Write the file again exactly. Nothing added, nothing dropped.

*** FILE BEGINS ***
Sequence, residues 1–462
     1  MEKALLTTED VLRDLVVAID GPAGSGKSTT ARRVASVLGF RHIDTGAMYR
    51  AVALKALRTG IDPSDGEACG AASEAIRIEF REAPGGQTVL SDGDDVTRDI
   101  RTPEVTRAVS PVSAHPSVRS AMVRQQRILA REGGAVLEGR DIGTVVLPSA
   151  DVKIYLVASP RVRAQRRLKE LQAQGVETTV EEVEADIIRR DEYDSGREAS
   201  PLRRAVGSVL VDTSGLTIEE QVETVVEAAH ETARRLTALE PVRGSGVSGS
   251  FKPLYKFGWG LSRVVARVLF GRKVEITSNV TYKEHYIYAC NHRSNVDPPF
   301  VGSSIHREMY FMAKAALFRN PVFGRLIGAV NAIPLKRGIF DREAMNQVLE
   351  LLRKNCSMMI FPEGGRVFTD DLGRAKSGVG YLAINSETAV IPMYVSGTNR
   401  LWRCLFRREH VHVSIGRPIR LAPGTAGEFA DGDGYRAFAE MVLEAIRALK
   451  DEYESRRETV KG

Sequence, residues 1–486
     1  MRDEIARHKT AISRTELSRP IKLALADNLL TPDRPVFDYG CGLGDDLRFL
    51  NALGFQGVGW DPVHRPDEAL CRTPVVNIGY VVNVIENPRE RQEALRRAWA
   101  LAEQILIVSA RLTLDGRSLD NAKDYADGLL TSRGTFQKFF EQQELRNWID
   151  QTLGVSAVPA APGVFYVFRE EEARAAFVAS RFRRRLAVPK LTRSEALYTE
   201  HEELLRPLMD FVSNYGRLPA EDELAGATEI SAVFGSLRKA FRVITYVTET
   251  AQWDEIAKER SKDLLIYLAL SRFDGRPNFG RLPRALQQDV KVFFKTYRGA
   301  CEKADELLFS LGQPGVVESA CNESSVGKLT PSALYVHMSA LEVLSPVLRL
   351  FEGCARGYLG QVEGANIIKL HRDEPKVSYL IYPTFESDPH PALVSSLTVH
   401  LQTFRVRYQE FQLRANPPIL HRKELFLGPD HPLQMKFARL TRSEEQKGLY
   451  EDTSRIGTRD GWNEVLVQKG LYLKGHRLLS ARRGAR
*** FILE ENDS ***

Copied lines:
Sequence, residues 1–462
     1  MEKALLTTED VLRDLVVAID GPAGSGKSTT ARRVASVLGF RHIDTGAMYR
    51  AVALKALRTG IDPSDGEACG AASEAIRIEF REAPGGQTVL SDGDDVTRDI
   101  RTPEVTRAVS PVSAHPSVRS AMVRQQRILA REGGAVLEGR DIGTVVLPSA
   151  DVKIYLVASP RVRAQRRLKE LQAQGVETTV EEVEADIIRR DEYDSGREAS
   201  PLRRAVGSVL VDTSGLTIEE QVETVVEAAH ETARRLTALE PVRGSGVSGS
   251  FKPLYKFGWG LSRVVARVLF GRKVEITSNV TYKEHYIYAC NHRSNVDPPF
   301  VGSSIHREMY FMAKAALFRN PVFGRLIGAV NAIPLKRGIF DREAMNQVLE
   351  LLRKNCSMMI FPEGGRVFTD DLGRAKSGVG YLAINSETAV IPMYVSGTNR
   401  LWRCLFRREH VHVSIGRPIR LAPGTAGEFA DGDGYRAFAE MVLEAIRALK
   451  DEYESRRETV KG

Sequence, residues 1–486
     1  MRDEIARHKT AISRTELSRP IKLALADNLL TPDRPVFDYG CGLGDDLRFL
    51  NALGFQGVGW DPVHRPDEAL CRTPVVNIGY VVNVIENPRE RQEALRRAWA
   101  LAEQILIVSA RLTLDGRSLD NAKDYADGLL TSRGTFQKFF EQQELRNWID
   151  QTLGVSAVPA APGVFYVFRE EEARAAFVAS RFRRRLAVPK LTRSEALYTE
   201  HEELLRPLMD FVSNYGRLPA EDELAGATEI SAVFGSLRKA FRVITYVTET
   251  AQWDEIAKER SKDLLIYLAL SRFDGRPNFG RLPRALQQDV KVFFKTYRGA
   301  CEKADELLFS LGQPGVVESA CNESSVGKLT PSALYVHMSA LEVLSPVLRL
   351  FEGCARGYLG QVEGANIIKL HRDEPKVSYL IYPTFESDPH PALVSSLTVH
   401  LQTFRVRYQE FQLRANPPIL HRKELFLGPD HPLQMKFARL TRSEEQKGLY
   451  EDTSRIGTRD GWNEVLVQKG LYLKGHRLLS ARRGAR